Monday, July 27, 2015

Idol Worship?

Warning: This post is a pet peeve rant.

Is this idol worship? Or is it how “It’s not what you know, it’s who you know” plays out in our society? Or are theater reviews written only by extroverted high-influencer personality types? I don’t know, but star power over substance, fame over news-you-can-use sure bugs me. Here are some examples of this pet peeve:

  • ·         The musical Pippin has been reimagined and is opening soon in Chicago. I’m interested in reading a summary of the story in the review to see if I’d like to see it. Not once did the newspaper reviewer mention anything but who was in the production and what they all were best known for. And yes, I’ve heard of some of those actors. But I wouldn’t shell out $46 to see any of them—or any actor, for that matter, even my favorites. I might spend the money for a poignant story and beautiful music. But apparently, stars trump story.
  • ·         Sometimes when I ask someone, “How about seeing this movie?” the response is, “Who’s in it?” I read the actors’ names and then ask the person if s/he’d like to know what the movie is about. “No.” Again, stars trump story
  • ·         I hear a radio announcer invite people to a marriage conference given by famous psychologist Dr. Mucketeemuck. No indication of what the conference focus would be. Conflict resolution? Date night 101? Talking about money? Rebuilding after an affair? No information helpful for deciding whether to invest a day at this conference. Just ooh, come hear Dr. Mucketeemuck. Star over substance.
  • ·         I’m excited to see the agenda for an upcoming writers workshop facilitated by award-winning writer Professor Clucketeecluck. If I signed up, would I learn about writing effective essays? Fiction dialogue? Fiction story arc? Fiction fact research? Devotionals? How-to books? Effective structure of critique groups? No clue. The invitation and agenda just say to come hear Professor Clucketeecluck. Star over substance.
Sometimes if I’m on the fence about a play, movie, or conference, knowing the players’ reputations helps me decide. But only after I know the story or substance interests me.

My pet peeve may be related to my marketing communications training: To sell the sizzle, tell benefits first, then features. If you first tell me this new sooper-dooper-doodad has 25 phalangees (thank you for that great word, Phoebe Buffay), I’ve dozed off by the time you get to the benefit of saving me time. If you first tell me sooper-dooper-doodad will save me time, I’m awake and impressed by the number of phalangees. First I want to know what I’ll learn at a conference or how much I might enjoy a play or movie’s story. That’s the benefit for me. The actors are secondary.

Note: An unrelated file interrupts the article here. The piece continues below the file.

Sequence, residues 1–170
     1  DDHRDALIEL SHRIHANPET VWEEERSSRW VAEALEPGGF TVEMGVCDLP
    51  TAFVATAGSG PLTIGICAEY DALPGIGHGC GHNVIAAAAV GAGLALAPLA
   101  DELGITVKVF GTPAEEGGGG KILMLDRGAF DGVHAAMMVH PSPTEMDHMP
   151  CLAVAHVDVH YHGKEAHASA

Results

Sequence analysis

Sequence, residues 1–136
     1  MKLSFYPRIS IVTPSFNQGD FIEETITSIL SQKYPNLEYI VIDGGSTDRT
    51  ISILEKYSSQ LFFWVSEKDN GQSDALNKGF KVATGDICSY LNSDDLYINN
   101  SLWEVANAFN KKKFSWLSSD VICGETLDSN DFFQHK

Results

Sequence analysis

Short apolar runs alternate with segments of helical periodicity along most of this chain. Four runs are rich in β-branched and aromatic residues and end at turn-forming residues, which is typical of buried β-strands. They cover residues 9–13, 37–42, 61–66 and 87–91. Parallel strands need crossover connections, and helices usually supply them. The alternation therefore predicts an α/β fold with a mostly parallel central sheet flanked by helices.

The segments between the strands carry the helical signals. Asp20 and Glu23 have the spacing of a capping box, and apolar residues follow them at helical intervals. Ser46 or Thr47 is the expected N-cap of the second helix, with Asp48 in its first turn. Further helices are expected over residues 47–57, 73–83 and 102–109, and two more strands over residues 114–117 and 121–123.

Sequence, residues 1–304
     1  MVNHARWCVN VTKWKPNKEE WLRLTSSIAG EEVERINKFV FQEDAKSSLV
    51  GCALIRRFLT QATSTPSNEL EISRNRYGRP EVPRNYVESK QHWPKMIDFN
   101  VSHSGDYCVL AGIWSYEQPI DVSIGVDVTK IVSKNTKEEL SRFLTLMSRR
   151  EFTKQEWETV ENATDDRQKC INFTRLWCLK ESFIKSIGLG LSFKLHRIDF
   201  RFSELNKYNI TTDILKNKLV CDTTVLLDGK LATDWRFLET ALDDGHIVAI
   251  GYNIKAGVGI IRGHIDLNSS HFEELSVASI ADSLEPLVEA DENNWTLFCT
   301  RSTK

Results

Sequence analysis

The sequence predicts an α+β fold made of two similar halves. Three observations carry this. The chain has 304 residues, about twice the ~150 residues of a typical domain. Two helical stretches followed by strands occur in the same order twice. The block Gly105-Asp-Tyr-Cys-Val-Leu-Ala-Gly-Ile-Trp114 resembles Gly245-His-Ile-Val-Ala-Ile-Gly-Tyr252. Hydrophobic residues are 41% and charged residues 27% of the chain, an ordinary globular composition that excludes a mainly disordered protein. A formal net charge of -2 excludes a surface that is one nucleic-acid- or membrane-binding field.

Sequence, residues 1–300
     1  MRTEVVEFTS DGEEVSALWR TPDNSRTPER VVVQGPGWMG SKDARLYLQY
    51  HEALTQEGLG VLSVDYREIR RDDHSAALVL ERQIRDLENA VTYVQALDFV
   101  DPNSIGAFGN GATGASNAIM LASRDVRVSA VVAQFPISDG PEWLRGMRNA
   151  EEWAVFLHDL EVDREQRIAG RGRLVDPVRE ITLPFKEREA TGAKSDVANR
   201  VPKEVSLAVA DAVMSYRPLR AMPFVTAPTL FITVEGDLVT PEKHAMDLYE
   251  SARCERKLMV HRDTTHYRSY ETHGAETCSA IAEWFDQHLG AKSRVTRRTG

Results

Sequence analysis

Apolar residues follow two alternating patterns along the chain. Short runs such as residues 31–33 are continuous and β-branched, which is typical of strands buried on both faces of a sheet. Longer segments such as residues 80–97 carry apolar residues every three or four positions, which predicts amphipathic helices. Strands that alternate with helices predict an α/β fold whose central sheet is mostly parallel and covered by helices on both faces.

My gut sense is that society’s frequently placing higher priority on the Who’s Who than the What’s What runs deeper than backward marketing strategy. Maybe even to our desire to feel important by connecting with famous people in tiny, tenuous ways. We’re often blind to splendor in the ordinary, discontent with God’s and loved ones’ love, and worried we won’t make a difference unless we’re connected to someone we perceive is important.

Getting back to the question: Is this idol worship? In some cases, probably. Only God knows the motives of our hearts. Ironically, televised talent contests like American Idol get story and substance right. Regardless of contestants’ idol-worship or non-idol-worship reasons for seeking fame, through the show’s process, their stories are enriched by the substance of strategic, constructive criticism and serious hard work.

In the meantime … Please, advertisers and reviewers, just give me the story and the substance. If I want to know who’s going to be there, I’ll ask.

Oh, BTW, I name-dropped Phoebe Buffay for you readers who crave reading famous names and don't recognize Dr. Mucketeemuck or Professor Clucketeecluck. LOL

Saturday, July 25, 2015

My book review of The Lover: A Novel by Marguerite Duras

The Lover: A Novel, considered to be autobiographical, was presented to me as a memoir. I read it as a memoir of Marguerite Duras. Since the story jumps around in time, I ended up pretty confused. In my opinion, the story is not cohesive enough to be a novel either. The book cover says it was an international bestseller, and the slim volume begins with three pages of glowing testimonials by literary critics. I must have missed the sparkle the critics saw.

I found The Lover’s trajectory impossible to follow and its characters impossible to know. The narrator, Duras, I presume, is told at some unnamed point in her life that she has a ravaged face, then she’s eighteen, then she’s fifteen and a half, then she’s fifteen, then she thinks her face changed between the ages of eighteen and twenty-five. That’s in the first eight pages. One day her mother is a responsible mother, the next day she’s negligent; one day her mother seems normal, other days she seems mad. In spots Duras calls her younger brother her son. Is he her son or truly her younger brother? Did the younger brother die in the war or did fear of the older brother kill the younger? If Duras hated the older brother so, why did she bail him out? From her disjointed vignettes, I never figured out any of these things. I thought about rereading the book to see if a second reading would illuminate any answers, but found I didn’t care enough about any of the characters to do so.